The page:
In the TV run they said his collection is worth 3-4 million. How much
do you think it is actually worth?
On 8/18/2010 5:51 PM, Tom Fine wrote:
> The big issue with huge "collections" of mostly used records owned by
> these long-time stores is that 90+% of the gross weight is either
> worthless or near-worthless. The smart few of these guys put that 90%
> of gross weight at the curb and let the accumulators vaccuum it all
> up. Then they carefully sell off the valuable 10%, either to long-time
> collector/customers or via a wider marketplace like eBay. If a person
> owns a record store that long and doesn't know in his heart of hearts
> that 90% of the gross weight is worthless, he's first of all deluding
> himself and second of all it's a miracle he's stayed in business long
> enough to become an "institution."
> By its very nature, a used record store must be an accumulator. The
> business model works if you continuously have a nice valuable 10%
> moving at high prices and if your rent is cheap enough to use the
> other 90% to attract accumulator traffic and to look like you have a
> vast inventory of "treasures."
> Don't get me wrong, the 90% has some value to someone. Just not any of
> it monetary. I always troll the dollar bins and free bins at used
> record stores, mainly to find better-condition covers to records I
> have where the vinyl is great but the cover is shot (and I probably
> therefore got it for a huge discount). There was a decorating fad a
> while back, popular enough to make it to the NYT style section, that
> seriously crimped this MO. The kids were into buying up dollar-bin LPs
> to frame the cover and hang them on the wall. Suddenly, competition
> for my good-condition dollar covers and novelty covers! The fad seems
> to have passed, based on recent success in the dollar bins.
> -- Tom Fine
> ----- Original Message ----- From: "Aaron Levinson"
> <[log in to unmask]>
> To: <[log in to unmask]>
> Sent: Wednesday, August 18, 2010 11:05 AM
> Subject: Re: [ARSCLIST] music man murray record collection & Murray
> Gershenz, music collector extraordinaire, is parting with his entire
> music library.
>> There is a reason why it is such a massive collection in the first
>> place-no one wants it for a patently ridiculous price! Does this all
>> seem vaguely reminiscent to a guy with a warehouse in
>> Pittsburgh?...Someone needs to tell these guys that we are in the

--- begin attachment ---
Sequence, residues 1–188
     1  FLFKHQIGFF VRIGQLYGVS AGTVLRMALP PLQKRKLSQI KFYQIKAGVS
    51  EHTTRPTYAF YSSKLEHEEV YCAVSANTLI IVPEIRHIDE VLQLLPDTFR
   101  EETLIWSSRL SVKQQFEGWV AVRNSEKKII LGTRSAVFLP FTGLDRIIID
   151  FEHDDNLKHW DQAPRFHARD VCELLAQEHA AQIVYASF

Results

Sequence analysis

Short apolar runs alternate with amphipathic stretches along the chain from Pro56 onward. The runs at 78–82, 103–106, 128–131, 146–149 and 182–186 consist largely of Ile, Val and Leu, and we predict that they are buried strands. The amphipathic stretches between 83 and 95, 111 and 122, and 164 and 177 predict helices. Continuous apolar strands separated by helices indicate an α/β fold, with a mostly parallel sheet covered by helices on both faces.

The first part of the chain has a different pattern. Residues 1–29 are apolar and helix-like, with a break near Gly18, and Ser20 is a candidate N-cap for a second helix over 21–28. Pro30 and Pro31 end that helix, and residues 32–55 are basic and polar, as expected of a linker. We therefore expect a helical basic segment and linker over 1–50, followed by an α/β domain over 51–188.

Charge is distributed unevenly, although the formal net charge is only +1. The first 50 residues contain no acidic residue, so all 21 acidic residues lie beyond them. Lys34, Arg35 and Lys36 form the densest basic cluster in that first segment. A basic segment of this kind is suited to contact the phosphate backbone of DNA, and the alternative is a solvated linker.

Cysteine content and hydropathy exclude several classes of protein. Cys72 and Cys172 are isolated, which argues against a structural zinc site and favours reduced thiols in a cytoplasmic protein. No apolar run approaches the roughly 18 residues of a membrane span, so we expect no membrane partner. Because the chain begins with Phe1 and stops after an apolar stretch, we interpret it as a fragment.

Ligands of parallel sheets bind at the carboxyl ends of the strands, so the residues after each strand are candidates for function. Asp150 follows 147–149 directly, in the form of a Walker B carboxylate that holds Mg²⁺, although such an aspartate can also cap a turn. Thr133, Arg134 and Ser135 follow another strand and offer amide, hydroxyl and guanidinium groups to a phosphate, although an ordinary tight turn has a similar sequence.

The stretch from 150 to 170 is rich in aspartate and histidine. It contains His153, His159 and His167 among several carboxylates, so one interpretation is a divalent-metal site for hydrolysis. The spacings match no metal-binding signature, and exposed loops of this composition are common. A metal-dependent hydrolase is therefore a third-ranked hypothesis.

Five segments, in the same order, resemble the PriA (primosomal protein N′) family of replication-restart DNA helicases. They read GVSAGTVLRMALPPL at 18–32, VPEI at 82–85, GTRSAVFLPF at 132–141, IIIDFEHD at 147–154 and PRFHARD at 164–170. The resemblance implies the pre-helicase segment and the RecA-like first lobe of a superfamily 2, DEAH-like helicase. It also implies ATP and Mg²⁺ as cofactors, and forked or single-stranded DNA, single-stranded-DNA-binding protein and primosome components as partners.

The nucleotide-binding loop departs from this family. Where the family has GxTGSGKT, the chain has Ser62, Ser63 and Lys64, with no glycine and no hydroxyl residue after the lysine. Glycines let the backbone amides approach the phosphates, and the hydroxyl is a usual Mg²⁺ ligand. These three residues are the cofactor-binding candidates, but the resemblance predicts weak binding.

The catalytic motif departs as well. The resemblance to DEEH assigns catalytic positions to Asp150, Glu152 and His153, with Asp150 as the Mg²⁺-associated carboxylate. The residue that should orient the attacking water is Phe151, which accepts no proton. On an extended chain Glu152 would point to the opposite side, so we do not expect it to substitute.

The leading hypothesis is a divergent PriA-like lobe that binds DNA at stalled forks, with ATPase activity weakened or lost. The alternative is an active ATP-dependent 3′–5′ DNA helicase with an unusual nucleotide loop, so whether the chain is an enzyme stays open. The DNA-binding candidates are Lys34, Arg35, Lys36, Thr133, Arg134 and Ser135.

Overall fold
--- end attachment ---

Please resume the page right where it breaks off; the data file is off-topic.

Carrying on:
>> greatest economic downturn since Black Friday and that whatever you
>> thought you had and how much you (wildly) imagined it was worth,
>> things ain't what they used to be.
>> On 8/18/10 1:42 AM, Michael Biel wrote:
>>> It is interesting that both these postings and the article and TV
>>> piece all refer to the stock of a retail store as a "collection".
>>> Over on the 78-L there have been comments from several who have been
>>> customers and know this shop well that the prices he asked were too
>>> high, and even the reduced price he is now asking for the whole
>>> stock is still too high considering that it has been pawed thru by
>>> thousands of collectors for 50 years. I suppose that if your prices
>>> are too high, a store's "stock" becomes a "collection"!
>>> On 8/16/2010 7:22 PM, Rod Smear wrote:
>>>>> This came up in today's LA times article about a local gentleman
>>>>> here who is looking to unload his masssive collection. Apparently
>>>>> from edison cylinders to LP's. Don't know if anyone might be
>>>>> interested or know someone or organization willing to buy
>>>>> collection. Sorry i don't have a link. I guess google LA times
>>>>> Music Man Murray records? Rod Smear
>>> Here's the link.
>>>> From: Gerald Segall<[log in to unmask]>
>>>> Murray Gershenz, (aka "Music Man Murray"), after having amassed a
>>>> lifetime of rare and collectible 45s, 78s, vinyl LPs, and CDs, is
>>>> sadly selling his entire collection's contents, for any prospective
>>>> buyer interested in these hard-to-find musical treasures. As news
>>>> anchor Glen Walker of KTLA News remarks, "...building a music
>>>> library that attracted those who made the music." If only a public,
>>>> college, or university library could acquire such a precious
>>>> collection for the benefit of use by all music lovers, patrons,
>>>> music students, music scholars, and historians.